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Wheelchair restraints are systems of straps or tracks that secure the occupant of a wheelchair — and the device itself — in place for vehicular travel. A person who uses a wheelchair requires special safety measures when traveling in a vehicle. The wheelchair occupant could be transferred to the vehicle seat, but wheelchair restraints offer a simpler solution. The wheelchair can be anchored directly to the floor of the vehicle, removing the need to move the occupant out of the wheelchair. The restraints prevent the wheelchair from rolling when the vehicle is in motion, and they hold the occupant safely in place.
Systems of wheelchair restraints vary as much as the brands or types of wheelchairs in use. Many restraints are adaptable for use with manual wheelchairs, powered wheelchairs or scooters. Tie-down or webbing systems make use of adjustable straps, which attach the wheelchair to rings or special tracks bolted to the floor. A few wheelchair restraints are similar to seats and fold up neatly so that the wheelchair can be attached to the solid back-brace as well as to the floor.
The majority of wheelchair restraints are bolted to the floor of the vehicle. The restraints used to secure the occupant can be as simple as a harness attaching directly to the wheelchair or an over-the-shoulder seat belt bolted to the floor and ceiling of the vehicle. To prevent safety problems, one should conduct routine inspections on restraint systems and wheelchairs to ensure that all components function properly.
Wheelchair restraints are typically found only in handicapped-accessible vehicles such as vans, buses, airplanes and other commercial vehicles or larger-capacity models. Many types of vans can be customized by installing wheelchair restraint systems, even if they were not factory-designed for accessibility. Installing wheelchair restraints can be done privately or by a professional. Vehicles can also be specially built with wheelchair restraints included as well as other accessibility features for people who have special needs.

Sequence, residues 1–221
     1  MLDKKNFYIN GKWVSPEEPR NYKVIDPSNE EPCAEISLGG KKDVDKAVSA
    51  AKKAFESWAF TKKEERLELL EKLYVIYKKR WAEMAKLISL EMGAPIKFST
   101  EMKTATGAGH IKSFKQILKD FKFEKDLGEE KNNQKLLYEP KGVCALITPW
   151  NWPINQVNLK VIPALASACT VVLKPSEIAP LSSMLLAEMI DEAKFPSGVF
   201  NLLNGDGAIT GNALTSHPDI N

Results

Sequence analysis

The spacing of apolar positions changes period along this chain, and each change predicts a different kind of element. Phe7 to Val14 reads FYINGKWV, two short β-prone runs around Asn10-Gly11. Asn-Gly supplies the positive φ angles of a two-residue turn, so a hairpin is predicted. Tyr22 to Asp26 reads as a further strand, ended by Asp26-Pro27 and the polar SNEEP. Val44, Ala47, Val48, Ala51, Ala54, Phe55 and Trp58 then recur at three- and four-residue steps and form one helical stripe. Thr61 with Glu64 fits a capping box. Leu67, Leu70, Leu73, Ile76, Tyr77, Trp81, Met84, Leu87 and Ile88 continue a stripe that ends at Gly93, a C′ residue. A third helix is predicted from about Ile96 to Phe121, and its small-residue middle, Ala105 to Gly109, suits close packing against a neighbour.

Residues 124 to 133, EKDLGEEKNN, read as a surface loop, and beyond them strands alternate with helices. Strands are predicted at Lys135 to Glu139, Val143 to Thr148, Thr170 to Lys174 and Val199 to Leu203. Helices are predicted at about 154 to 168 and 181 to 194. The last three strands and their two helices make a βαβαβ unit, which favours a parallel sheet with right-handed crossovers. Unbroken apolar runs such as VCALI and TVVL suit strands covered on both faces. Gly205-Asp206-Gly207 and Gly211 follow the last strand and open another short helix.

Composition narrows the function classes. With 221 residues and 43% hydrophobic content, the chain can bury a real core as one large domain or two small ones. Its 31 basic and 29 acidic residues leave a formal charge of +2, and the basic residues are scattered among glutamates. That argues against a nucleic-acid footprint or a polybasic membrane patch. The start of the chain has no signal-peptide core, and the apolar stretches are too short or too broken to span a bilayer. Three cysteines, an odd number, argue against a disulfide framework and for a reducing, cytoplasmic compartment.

Special systems can also allow wheelchair occupants to drive. These systems, known as docking systems, secure to the floor and attach to the underside of the wheelchair. The docking system can include parts that reduce the complication of maneuvering the wheelchair precisely into place. An automatic stop is provided by a stabilizing bar reaching up from the floor, which minimizes the wheelchair's motion after it is secured.
Only some models of wheelchairs are compatible with these types of wheelchair restraints. A variety of websites provide information about wheelchair restraint equipment and accessories. Many of these sites also offer live customer support to answer inquiries about purchasing systems or accessories and other questions.